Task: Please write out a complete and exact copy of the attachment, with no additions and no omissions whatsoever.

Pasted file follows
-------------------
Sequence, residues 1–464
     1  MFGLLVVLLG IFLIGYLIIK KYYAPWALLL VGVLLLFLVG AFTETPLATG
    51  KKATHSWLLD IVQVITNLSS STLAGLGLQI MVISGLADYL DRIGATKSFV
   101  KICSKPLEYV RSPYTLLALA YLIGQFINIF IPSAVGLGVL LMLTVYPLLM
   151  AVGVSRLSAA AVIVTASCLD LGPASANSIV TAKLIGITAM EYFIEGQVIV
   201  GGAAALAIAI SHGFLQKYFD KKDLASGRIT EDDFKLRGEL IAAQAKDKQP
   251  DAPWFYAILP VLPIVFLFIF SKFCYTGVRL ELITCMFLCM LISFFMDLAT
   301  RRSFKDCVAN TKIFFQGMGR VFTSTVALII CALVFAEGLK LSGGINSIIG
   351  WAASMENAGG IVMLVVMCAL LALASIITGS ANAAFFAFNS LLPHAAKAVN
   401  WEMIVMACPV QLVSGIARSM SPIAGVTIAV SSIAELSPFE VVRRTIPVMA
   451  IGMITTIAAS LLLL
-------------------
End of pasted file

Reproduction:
Sequence, residues 1–464
     1  MFGLLVVLLG IFLIGYLIIK KYYAPWALLL VGVLLLFLVG AFTETPLATG
    51  KKATHSWLLD IVQVITNLSS STLAGLGLQI MVISGLADYL DRIGATKSFV
   101  KICSKPLEYV RSPYTLLALA YLIGQFINIF IPSAVGLGVL LMLTVYPLLM
   151  AVGVSRLSAA AVIVTASCLD LGPASANSIV TAKLIGITAM EYFIEGQVIV
   201  GGAAALAIAI SHGFLQKYFD KKDLASGRIT EDDFKLRGEL IAAQAKDKQP
   251  DAPWFYAILP VLPIVFLFIF SKFCYTGVRL ELITCMFLCM LISFFMDLAT
   301  RRSFKDCVAN TKIFFQGMGR VFTSTVALII CALVFAEGLK LSGGINSIIG
   351  WAASMENAGG IVMLVVMCAL LALASIITGS ANAAFFAFNS LLPHAAKAVN
   401  WEMIVMACPV QLVSGIARSM SPIAGVTIAV SSIAELSPFE VVRRTIPVMA
   451  IGMITTIAAS LLLL